Jerry’s kids

Facts, rumors and political innuendo

During the course of a recent interview at LEO Weekly, Metro Council President David Tandy, D-4, took a call from his wife, Carolyn, which lasted a few minutes. This detail might seem insignificant, but it sheds light on an issue Tandy seriously considered before announcing his mayoral candidacy — the challenge of balancing family and a political career.

“I think this is a unique opportunity for us here in the city to elect a leader for the first time in the mayor’s position that can bring the community together and focus us around a common vision and direction,” says Tandy, a candidate known more for being conciliatory than confrontational, but who is showing signs of a newfound swagger.

The campaign message is that nice guys finish first, and it’s one of several topics Tandy talked with LEO about, in addition to Obama, Cordish, public housing and the upcoming primary. Here’s an excerpt: 

LEO: Long before Barack Obama there were black mayors in U.S. cities going back to the 1960s. What’s the historical significance of your campaign?

DT: I haven’t really stopped to think about it in that context … I do think, however, from a historic standpoint it will definitely have some significance. For some it will be a sense of pride to say for the first time they have the opportunity to elect an African-American who lives in the West End, but works downtown and has the ability to connect with people across this community.

LEO: Critics say one problem is that you’re too nice and unwilling to rock the boat. Your legislative record bears this out. How do you respond to that assessment?

DT: I respond appropriately to the situations that present themselves. You don’t rock the boat for rocking the boat’s sake. In my opinion there’s a time and a place for everything, and there’s an appropriate way to act. And I believe that my record reflects I’ve acted in a manner that tries to be very deliberate, but allows for a path to be set to where we can see progress is being made.

LEO: Recently you sent a letter to The Cordish Cos. requesting all financial documentation on how it spent a $950,000 loan in tax money. Were you satisfied with your recent trip to their Baltimore offices and what you found?

DT: We went through the receipts from that project and matched up the invoices that were spent on the project with actual checks demonstrating the money was paid. It showed that all of the $950,000 that was lent to the project was spent on it per the agreement.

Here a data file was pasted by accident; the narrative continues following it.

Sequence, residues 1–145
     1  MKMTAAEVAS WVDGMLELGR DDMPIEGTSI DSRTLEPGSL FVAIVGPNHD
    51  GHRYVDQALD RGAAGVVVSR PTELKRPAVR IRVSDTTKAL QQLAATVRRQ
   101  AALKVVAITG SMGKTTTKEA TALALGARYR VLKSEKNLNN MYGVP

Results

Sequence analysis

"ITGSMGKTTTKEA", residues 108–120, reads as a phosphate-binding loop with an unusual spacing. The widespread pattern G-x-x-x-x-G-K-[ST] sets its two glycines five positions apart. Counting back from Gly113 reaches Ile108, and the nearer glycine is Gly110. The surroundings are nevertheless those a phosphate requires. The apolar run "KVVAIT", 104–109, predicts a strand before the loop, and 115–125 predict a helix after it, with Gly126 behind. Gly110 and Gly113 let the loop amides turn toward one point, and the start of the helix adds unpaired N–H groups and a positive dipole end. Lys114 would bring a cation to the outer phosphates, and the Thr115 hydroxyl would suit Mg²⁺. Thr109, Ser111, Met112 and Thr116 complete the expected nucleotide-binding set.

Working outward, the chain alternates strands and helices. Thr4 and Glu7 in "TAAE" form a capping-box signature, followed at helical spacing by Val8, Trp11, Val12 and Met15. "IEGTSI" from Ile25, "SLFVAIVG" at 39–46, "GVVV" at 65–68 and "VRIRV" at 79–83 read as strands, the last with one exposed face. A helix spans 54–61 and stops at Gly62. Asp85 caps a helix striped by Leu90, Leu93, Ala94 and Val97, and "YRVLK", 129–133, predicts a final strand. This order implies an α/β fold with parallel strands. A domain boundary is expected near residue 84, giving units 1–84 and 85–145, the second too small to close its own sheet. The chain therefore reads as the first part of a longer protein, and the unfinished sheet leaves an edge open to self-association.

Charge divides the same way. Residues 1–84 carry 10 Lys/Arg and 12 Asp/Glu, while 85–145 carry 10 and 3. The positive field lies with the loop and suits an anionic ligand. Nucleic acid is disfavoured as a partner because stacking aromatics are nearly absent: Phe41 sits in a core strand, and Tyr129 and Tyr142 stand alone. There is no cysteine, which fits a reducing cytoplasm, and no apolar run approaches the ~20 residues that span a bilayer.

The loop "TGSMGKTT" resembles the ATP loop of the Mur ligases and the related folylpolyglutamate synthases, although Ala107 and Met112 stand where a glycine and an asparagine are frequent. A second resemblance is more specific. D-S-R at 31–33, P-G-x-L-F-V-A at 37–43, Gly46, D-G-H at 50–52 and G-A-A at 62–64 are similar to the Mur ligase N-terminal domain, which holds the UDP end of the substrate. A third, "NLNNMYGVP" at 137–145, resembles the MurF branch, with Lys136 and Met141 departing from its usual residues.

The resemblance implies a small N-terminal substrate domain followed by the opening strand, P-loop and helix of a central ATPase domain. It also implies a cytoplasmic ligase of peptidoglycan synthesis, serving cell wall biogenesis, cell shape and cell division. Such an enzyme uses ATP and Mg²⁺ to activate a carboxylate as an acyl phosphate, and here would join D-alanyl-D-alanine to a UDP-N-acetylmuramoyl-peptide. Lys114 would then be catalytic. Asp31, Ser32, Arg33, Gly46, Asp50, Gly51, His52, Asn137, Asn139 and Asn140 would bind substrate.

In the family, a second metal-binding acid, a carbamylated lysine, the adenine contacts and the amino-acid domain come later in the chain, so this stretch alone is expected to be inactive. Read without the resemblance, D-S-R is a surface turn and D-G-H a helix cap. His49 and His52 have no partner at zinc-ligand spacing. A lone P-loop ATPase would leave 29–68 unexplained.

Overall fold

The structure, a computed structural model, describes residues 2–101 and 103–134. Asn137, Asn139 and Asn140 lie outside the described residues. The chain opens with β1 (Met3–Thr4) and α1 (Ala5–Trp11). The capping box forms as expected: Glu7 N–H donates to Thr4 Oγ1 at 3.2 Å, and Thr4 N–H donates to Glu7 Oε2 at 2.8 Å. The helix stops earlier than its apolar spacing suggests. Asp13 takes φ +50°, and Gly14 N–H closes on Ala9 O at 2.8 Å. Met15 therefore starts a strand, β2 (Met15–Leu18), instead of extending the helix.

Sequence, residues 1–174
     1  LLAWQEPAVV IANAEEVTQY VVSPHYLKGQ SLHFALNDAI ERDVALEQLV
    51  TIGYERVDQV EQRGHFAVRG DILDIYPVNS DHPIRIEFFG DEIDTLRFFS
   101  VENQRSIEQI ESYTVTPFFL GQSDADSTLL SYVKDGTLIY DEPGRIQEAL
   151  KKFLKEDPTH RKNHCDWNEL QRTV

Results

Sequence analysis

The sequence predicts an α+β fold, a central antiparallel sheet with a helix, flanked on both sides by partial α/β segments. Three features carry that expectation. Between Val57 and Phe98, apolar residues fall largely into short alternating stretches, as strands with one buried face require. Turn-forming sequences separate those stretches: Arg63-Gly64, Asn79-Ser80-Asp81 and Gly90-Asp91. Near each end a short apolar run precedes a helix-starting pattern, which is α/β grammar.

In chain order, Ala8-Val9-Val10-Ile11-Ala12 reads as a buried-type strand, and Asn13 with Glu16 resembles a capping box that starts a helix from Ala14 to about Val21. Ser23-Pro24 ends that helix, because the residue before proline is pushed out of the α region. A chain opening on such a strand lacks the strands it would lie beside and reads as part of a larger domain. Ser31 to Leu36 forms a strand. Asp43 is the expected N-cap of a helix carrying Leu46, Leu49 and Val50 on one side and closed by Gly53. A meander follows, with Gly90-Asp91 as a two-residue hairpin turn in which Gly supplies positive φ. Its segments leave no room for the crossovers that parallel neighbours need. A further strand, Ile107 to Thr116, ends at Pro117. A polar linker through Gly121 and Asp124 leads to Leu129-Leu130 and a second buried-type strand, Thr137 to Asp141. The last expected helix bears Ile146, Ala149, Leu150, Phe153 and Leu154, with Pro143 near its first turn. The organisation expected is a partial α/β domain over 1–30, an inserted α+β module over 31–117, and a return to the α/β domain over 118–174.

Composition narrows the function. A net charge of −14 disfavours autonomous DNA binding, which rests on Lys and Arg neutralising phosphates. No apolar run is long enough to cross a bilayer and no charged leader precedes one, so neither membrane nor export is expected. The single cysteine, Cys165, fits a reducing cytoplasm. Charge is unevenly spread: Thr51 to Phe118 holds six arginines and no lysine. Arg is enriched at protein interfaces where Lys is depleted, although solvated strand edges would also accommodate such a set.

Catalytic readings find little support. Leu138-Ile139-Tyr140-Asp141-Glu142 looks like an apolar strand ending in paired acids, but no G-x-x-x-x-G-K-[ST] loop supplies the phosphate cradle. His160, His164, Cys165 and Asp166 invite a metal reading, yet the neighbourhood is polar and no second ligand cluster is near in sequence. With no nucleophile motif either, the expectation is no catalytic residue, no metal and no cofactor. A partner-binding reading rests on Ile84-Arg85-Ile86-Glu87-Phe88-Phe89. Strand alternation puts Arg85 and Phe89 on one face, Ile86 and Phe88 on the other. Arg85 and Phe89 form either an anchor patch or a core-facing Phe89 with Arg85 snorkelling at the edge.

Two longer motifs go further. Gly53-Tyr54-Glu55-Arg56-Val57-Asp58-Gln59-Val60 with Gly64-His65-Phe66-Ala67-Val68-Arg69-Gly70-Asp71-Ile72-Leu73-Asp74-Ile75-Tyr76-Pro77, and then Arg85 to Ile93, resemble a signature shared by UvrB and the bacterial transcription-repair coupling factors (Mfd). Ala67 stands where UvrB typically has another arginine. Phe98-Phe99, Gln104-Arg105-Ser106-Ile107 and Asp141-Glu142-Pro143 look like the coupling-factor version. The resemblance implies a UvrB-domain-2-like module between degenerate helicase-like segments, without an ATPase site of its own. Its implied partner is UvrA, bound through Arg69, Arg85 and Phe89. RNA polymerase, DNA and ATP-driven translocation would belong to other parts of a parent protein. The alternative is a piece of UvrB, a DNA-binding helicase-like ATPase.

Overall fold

LEO: Why then did the auditor mention as a caveat that they weren’t able to verify these records?

DT: I would have to let the auditor answer that because there are certain procedures that a certified auditor has to go through in order to give an audit. What I do know about is the procedure I was privy to. I know that the audit wasn’t something where folks went up there, took 30 minutes and just looked at a stack and didn’t go through it and said, “Yep, I think that’s there.” We thoroughly went through each of the documents and asked questions like, “What is this and what does that invoice mean?” We got clarification.

LEO: For the past several years, Metro government has supported replacing public housing with mixed-income neighborhoods. It has largely been a mayoral initiative. What is your view?

DT: I’m supportive of it. The barrack-style housing that we see in Louisville, it was state of the art at the time it was built and it was meant to be temporary. You had a number of people who lived in those homes for a couple years and moved on and into home ownership.

LEO: People who are left there are stuck?

DT: Some people. So you now have pockets of poverty … If you’re able to break those pockets up and able to mix it … you’re having good role models living there for others to see. I live in the Russell neighborhood. What you hope to see is young people going up and down the street and saying, “That’s Mr. Tandy’s house, he’s an attorney, city councilman and running for mayor. I can do that.”

LEO: Things could get ugly in a crowded Democratic primary field. Do you anticipate an ugly campaign?

DT: I don’t think so. You’ve seen it with regard to Democrats that we’re like family. We can fight things out tooth and nail, as in 2008 with the presidential primary. At the end of the day, though, once we had a Democratic nominee we all rallied around that individual. I think that’ll happen in this race.

Check out to read the full interview